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Main Associates Inc. v. B. & R. Enterprises Inc.

Decided: May 23, 1962.

MAIN ASSOCIATES, INC., PLAINTIFF,
v.
B. & R. ENTERPRISES, INC., ITS SUCCESSORS OR ASSIGNS; UNKNOWN OWNER OR UNKNOWN CLAIMANT, HIS HEIRS, DEVISEES AND PERSONAL REPRESENTATIVES, AND HIS, THEIR OR ANY OF THEIR SUCCESSORS IN RIGHT, TITLE AND INTEREST; AND THE STATE OF NEW JERSEY, DEFENDANTS, V. BOROUGH OF PENNS GROVE, A MUNICIPAL CORPORATION OF THE STATE OF NEW JERSEY, THIRD-PARTY DEFENDANT



Wick, J.s.c.

Wick

Plaintiff Main Associates, Inc., a New Jersey corporation with principal offices in the Borough of Penns Grove and County of Salem, is seeking to foreclose a tax sale certificate against defendant B. & R. Enterprises, Inc., owner of the premises in question, which tax certificate was assigned to plaintiff by the Borough of Penns Grove.

The matter before this court involves the assessment of riparian land located in the Delaware River adjacent to the Borough of Penns Grove. The court is directly concerned with those premises known as Tract No. 1 owned by B. & R. Enterprises, Inc., upon which tract a pier has been erected extending for several hundred feet into the Delaware River. The Borough of Penns Grove, alleging the land and premises to be situate within the borough, has assessed taxes thereon. By reason of nonpayment of these

taxes a sale was conducted and the premises purchased by the Borough of Penns Grove. A tax sale certificate was delivered to the borough, being dated December 21, 1954, and on April 29, 1959 the tax certificate was assigned to plaintiff for $2,150.81, the sum claimed due the borough under said certificate.

The facts show that defendant owns no upland, or ripa, adjacent to the riparian land in question. It has derived its ownership of the riparian tract through a riparian grant made by the State of New Jersey to the Penns Grove Pier Company, defendant's predecessor in title. In pursuance of said grant the Borough of Penns Grove enacted an ordinance waiving its riparian rights in Tract No. 1, and in consideration of such waiver received a conveyance of certain surrounding lands from the Penns Grove Pier Company by deed of April 14, 1916. The premises conveyed consisted of an extension to Main Street in the Borough of Penns Grove, with Penns Grove Pier Company retaining a right of reversion therein should the land be used for other than public or municipal purposes. By reason of the conveyance of Tract No. 1 from Penns Grove Pier Company to B. & R. Enterprises, Inc., the latter has succeeded to the reversionary right formerly held by the pier company. This right represents a future rather than a present interest, so, for the purposes of this opinion, it can be acknowledged that defendant does not presently own any portion of the ripa.

The matter is further complicated by reason of a United States Supreme Court decision entered on June 3, 1935 in the case of New Jersey v. Delaware , 291 U.S. 361, 54 S. Ct. 407, 78 L. Ed. 847. This decision, in fixing the boundary of the State of Delaware, held that said boundary was to encompass an area within a 12 mile radius of the town of New Castle, Delaware, to the mesne low water mark on the New Jersey side of the Delaware River. This decision was made without prejudice to the rights of either state under the Compact of 1905 which has been enacted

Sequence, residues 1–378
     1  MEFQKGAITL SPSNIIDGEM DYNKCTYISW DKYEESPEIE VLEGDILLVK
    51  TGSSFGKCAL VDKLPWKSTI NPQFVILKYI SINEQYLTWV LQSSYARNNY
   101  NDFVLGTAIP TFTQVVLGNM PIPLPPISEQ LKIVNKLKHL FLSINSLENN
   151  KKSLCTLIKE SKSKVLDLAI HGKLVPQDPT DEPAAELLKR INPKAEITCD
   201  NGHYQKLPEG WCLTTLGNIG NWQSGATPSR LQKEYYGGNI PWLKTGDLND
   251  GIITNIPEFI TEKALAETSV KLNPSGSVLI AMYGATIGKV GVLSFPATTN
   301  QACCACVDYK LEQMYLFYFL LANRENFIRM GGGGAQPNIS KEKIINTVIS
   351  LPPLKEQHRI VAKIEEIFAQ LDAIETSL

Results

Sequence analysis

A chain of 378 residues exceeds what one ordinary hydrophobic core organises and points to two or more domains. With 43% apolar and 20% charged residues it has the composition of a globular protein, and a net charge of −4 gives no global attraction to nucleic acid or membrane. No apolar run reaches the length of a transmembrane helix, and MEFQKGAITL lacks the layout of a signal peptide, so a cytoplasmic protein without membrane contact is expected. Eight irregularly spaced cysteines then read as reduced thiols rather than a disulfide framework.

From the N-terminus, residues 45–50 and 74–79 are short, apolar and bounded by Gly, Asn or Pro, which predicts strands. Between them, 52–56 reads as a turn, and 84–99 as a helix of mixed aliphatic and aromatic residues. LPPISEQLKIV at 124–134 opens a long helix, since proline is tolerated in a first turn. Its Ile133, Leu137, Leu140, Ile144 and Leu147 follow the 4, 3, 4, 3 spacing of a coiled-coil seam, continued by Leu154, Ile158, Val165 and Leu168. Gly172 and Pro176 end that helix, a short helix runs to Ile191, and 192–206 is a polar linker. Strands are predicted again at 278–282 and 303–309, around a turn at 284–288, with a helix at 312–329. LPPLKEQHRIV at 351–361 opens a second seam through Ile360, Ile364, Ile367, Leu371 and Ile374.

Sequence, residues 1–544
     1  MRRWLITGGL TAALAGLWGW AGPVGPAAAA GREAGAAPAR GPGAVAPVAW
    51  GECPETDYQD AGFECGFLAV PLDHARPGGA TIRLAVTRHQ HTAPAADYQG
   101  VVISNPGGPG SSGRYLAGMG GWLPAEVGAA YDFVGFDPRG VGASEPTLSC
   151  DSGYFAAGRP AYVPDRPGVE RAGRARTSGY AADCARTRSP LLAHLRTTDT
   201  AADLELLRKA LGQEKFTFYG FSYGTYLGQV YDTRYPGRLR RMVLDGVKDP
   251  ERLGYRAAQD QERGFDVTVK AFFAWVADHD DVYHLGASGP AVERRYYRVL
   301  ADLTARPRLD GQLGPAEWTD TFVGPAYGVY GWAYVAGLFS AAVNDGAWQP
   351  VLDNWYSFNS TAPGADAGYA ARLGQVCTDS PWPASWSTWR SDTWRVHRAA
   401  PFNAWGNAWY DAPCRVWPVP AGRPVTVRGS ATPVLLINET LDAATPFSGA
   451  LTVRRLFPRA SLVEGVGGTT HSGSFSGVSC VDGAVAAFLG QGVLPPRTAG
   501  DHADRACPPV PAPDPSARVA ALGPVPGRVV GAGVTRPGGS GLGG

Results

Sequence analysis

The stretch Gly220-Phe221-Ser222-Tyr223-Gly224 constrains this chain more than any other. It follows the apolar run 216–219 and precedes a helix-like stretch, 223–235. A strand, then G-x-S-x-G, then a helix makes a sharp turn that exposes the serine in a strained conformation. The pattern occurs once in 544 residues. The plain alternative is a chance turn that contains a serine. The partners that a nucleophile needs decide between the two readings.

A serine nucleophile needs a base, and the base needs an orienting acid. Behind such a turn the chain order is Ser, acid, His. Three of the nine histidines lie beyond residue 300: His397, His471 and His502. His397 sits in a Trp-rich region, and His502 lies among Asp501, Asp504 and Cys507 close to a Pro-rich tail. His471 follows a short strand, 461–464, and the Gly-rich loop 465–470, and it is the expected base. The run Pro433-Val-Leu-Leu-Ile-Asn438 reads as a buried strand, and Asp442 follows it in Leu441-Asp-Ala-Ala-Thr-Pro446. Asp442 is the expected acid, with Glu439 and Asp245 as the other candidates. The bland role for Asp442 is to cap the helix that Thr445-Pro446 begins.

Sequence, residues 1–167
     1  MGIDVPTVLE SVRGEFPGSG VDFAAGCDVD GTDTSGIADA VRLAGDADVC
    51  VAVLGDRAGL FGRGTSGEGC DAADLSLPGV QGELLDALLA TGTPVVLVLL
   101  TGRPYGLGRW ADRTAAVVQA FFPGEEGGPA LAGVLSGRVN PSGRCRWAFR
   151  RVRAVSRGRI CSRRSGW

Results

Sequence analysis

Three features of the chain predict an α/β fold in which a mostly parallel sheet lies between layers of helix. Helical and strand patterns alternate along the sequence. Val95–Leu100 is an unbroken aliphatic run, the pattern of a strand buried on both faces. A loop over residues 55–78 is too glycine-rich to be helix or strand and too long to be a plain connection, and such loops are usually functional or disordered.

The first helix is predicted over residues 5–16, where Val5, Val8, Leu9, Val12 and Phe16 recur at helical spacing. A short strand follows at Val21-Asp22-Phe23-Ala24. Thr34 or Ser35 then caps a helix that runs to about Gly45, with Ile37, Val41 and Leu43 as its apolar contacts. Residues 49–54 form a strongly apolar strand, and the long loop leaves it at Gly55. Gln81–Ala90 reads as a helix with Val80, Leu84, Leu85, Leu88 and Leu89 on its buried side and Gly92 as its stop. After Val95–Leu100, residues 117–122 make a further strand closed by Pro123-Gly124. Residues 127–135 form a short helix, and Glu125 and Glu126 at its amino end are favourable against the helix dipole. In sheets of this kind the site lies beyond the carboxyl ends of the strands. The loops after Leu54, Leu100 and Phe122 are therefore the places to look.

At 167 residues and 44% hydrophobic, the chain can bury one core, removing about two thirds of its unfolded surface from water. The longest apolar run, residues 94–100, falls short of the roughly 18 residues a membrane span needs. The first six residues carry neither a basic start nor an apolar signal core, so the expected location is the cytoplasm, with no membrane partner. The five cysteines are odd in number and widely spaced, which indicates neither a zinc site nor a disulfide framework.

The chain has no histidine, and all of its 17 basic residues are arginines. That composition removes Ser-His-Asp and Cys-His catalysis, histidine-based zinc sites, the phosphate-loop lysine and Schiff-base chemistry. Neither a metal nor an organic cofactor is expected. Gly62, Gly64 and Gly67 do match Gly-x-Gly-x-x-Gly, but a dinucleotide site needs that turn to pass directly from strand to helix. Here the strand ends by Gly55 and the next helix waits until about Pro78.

in New Jersey as R.S. 52:28-34 et seq. The Borough of Penns Grove is so geographically located that the aforesaid 12-mile radius would arc at the mesne low water mark fronting said borough. This fact has prompted defendant to assert the defense that the assessment levied by Penns Grove is illegal since the premises sought to be levied upon are located within the 12-mile radius and therefore situate within the State of Delaware. By contending the premises to be within the confines of the State of Delaware defendant is, in effect, not only claiming them to be outside the jurisdiction of the Borough of Penns Grove, but outside the State of New Jersey as well. While this defense may have some prima facie merit, the court is not willing to concede its validity. To do so would permit defendant to dispute the source of its title. Following this defense to its logical conclusion, and assuming the premises to be within the State of Delaware as contended, defendant could not claim good title to the land in question since neither it nor its predecessors in title have ever been recipients of a riparian grant from the State of Delaware. To go even further, it could be contended that by reason of defendant's nonownership it has no interest in the premises whatsoever since it owns no ripa upon which riparian rights could attach.

The court realizes that defendant could not have intended this defense to develop such ramifications. Rather, it is merely an attempt by defendant to circumvent the assessment by alleging lack of jurisdiction in the taxing body. This defense is best disposed of by resort to the United States Supreme Court decision in New Jersey v. Delaware , above. In its concluding language the court states, on page 385, 54 S. Ct. , on page 415:

"Within the twelve-mile circle, the river and the subaqueous soil thereof up to low water mark on the easterly or New Jersey side will be adjudged to belong to the state of Delaware, subject to the Compact of 1905."

The Compact of 1905, referred to above, is a compact entered into between the States of New Jersey and ...


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